3) Orval opened in 1931 and brew 1.2 million gallons of beer per year. This is a really interesting beer because it tastes extremely different when drank chilled compared to not chilled (that’s all beers, but this one especially). When not chilled, the beer tastes much sweeter than when it’s cold, which I always found striking.

Not only can you visit their abbey for spiritual advice, but you can also stay with these monks for free if you don’t have the money to pay. Their website quotes Saint Benedict with “Let all guests be received like Christ, for he will say “I was a stranger and you let me in.” Now that’s the essence of what Christianity should be, but this is not the norm of Trappist monasteries, most of which do not allow overnight stays.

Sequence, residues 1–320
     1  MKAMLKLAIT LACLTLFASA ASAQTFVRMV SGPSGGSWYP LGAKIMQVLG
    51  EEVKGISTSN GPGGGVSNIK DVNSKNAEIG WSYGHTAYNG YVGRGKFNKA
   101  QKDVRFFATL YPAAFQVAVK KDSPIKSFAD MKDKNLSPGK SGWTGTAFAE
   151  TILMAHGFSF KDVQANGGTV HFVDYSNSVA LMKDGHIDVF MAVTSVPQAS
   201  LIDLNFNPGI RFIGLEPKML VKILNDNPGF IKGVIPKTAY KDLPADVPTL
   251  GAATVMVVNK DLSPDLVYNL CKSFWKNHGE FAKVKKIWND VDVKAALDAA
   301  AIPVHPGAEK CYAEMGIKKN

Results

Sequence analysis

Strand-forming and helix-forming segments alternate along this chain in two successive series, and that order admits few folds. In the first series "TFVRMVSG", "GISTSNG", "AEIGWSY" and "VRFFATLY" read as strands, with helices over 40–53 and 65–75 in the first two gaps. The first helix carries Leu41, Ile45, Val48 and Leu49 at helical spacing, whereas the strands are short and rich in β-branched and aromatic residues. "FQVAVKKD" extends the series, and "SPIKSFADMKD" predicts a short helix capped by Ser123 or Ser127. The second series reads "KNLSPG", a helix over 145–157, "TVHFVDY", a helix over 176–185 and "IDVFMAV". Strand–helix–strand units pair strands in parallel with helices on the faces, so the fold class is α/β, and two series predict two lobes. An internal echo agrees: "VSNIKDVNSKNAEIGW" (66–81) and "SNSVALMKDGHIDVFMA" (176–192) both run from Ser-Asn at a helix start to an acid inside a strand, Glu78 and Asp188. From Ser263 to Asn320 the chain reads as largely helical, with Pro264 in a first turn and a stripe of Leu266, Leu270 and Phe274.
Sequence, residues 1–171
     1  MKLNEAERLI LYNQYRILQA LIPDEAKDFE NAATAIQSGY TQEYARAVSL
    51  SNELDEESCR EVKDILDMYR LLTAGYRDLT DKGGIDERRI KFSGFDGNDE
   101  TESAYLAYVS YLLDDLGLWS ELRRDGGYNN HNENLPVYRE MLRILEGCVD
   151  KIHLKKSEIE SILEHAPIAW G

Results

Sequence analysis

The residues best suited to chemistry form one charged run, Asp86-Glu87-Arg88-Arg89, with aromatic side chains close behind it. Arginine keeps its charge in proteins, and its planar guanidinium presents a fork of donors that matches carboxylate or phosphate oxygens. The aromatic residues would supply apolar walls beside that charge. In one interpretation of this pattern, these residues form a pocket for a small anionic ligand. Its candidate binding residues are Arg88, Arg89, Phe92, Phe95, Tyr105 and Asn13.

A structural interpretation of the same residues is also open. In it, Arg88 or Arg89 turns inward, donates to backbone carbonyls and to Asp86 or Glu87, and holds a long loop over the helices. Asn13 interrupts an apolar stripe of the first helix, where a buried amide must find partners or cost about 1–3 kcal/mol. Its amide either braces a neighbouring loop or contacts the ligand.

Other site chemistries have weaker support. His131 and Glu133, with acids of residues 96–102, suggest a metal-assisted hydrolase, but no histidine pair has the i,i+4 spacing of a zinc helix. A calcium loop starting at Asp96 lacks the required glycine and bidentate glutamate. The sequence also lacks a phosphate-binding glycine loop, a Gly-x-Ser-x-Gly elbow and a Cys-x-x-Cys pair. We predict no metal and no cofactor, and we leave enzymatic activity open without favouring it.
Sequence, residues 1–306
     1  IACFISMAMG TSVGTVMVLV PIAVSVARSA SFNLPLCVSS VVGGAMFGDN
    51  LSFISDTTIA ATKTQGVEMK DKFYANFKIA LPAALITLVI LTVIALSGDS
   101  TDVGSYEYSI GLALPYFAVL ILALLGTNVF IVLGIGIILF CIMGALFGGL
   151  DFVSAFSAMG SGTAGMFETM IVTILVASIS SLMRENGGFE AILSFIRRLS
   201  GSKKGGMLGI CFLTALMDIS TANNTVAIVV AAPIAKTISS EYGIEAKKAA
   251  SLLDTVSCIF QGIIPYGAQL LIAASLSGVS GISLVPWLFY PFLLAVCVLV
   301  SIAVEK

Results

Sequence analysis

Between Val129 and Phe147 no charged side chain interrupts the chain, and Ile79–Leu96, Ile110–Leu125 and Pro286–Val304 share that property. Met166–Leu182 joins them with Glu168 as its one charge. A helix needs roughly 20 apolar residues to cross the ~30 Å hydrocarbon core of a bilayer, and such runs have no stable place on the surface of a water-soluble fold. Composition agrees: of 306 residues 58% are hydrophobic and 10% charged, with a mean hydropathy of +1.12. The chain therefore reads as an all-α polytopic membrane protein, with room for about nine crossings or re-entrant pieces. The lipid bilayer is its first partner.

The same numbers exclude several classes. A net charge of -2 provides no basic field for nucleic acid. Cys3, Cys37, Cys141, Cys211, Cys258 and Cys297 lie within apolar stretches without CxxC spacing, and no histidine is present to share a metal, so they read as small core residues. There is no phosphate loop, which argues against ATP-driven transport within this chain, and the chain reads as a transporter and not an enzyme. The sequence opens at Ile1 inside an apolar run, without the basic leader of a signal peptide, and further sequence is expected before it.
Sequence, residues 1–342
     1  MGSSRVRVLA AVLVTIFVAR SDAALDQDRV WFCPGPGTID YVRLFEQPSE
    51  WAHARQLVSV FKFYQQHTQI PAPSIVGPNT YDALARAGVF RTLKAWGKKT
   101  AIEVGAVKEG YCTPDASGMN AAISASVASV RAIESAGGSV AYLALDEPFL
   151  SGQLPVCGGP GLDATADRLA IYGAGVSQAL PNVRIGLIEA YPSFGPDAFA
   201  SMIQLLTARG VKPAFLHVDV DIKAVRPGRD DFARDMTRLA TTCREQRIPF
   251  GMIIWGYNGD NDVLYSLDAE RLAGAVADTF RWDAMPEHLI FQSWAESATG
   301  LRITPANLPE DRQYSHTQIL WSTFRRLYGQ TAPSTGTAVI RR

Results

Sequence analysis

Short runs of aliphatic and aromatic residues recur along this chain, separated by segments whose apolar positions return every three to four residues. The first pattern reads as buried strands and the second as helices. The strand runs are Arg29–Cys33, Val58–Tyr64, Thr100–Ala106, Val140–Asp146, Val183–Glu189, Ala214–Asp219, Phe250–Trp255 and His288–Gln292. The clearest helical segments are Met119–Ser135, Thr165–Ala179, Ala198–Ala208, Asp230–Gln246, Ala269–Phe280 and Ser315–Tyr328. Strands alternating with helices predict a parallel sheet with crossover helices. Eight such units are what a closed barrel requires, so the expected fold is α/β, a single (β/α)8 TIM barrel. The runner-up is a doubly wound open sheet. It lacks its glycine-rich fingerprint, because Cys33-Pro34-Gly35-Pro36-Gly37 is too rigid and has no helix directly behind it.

La Trappe
4) Rochefort dates all the way back to 1595 and produces 480,000 gallons of beer. Rochefort 8 and Rochefort 10 are two of my favorite beers in the world. Be especially careful with the Rochefort 10 as it’s a whopping 11.2% alcohol! This is a beer to savour slowly, as the depth of malty fruit flavors is complex. And it’s a beer that can age like wine, as its taste can mature for years. We aged some while living in the Netherlands and wish we had some ageing now!

5) Achel only came about in 1998 and the monks struggled a bit with their brewing in the beginning, not receiving a very good reputation. These brothers have vastly improved though and their Achel Bruin (brown) in large 75 cl bottles is a quality beer.